I’d like to use SATA for three reasons.
Firstly, it’s the easiest way to get everything on its own channel as a master (there’s no slaves on SATA). That means no multi-tasking issues. Even though four of the seven drives in my current setup are SCSI, I’m forced to put the two DVD drives on a single IDE channel.
Secondly, you don’t have the cable length issues on SATA that you do on PATA - PATA is limited by specification to 18 inches (45 cm) - though 24 inches (60 cm) cables are common, they are in breach of the specification.
Thirdly, there don’t seem to be any PCI-X PATA cards.
You can get little adapters from Highpoint that allow you to use PATA drives with a SATA controller - they’re little more than a serialiser/deserialiser chip in a box, so they shouldn’t introduce problems (famous last words…!). They cost around US$15 each.
It’s not a bandwidth issue - current ATA hard disks don’t push significantly at the limits of UDMA-66 unless they’re streaming, and even those of the highest areal densities are currently within the limits of UDMA-100 (the same is just as true of drives like my expensive Seagate Cheetah 15K.3 hard disks, 15000rpm U320 SCSI - my two Cheetahs are capable of an internal speed of up to 86 MBytes/second, but outside certain applications like video, drives are called upon to seek a lot - seek time, of course, is where drives like the 15krpm Cheetahs excel). Current optical drives are fine on UDMA-33 - the same will be true of 16x DVD writers. Some support UDMA-66, though there’s no real reason to do so, especially as IDE cannot multi-task two devices on the same channel.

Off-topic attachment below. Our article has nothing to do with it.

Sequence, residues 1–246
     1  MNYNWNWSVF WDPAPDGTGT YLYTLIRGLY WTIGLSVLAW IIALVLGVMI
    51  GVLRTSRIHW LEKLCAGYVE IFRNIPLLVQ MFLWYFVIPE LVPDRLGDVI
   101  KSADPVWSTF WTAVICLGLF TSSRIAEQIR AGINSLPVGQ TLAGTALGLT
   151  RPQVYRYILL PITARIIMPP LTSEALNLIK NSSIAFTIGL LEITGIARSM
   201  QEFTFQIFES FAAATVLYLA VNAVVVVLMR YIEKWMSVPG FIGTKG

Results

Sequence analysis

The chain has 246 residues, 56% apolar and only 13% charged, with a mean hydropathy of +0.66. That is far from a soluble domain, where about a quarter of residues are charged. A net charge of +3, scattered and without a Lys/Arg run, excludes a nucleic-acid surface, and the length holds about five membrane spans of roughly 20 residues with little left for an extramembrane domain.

I’ve put my current drive setup at the bottom of this message - if it wasn’t that I was using SCSI, I think SATA would be the only way to not have a complete mess.
So far as dual layer writers go, they’re going to be slower than writing two single layer blanks at launch, and media availability seems destined to be poor for several months.
If you are wanting a new drive now, then if you can hang on until the first dual layer products are available that probably makes sense - it seems that DVD+R9 capability is going to add little to the price, and if you buy wisely you’ll have a drive that’s just as good if not better as the current leading edge single layer DVD writers.
There could well be the kind of compatibility issues you fear at first - media not being readable in all drives, and certain drives only writing certain brands of media. Add that to the limited availability of media to start with, and the possibility that we might have 4x DVD+R9 and even DVD-R9 by the end of the year, and I’m going to sit still with my ND-2500A. I bought when I needed DVD capabilities earlier this year (I’m now handling files that are just too large for CD-R), recognising that I was buying into a pretty mature technology that would do all I needed at a pretty decent speed for less than GBP100 for the drive (I paid GBP88).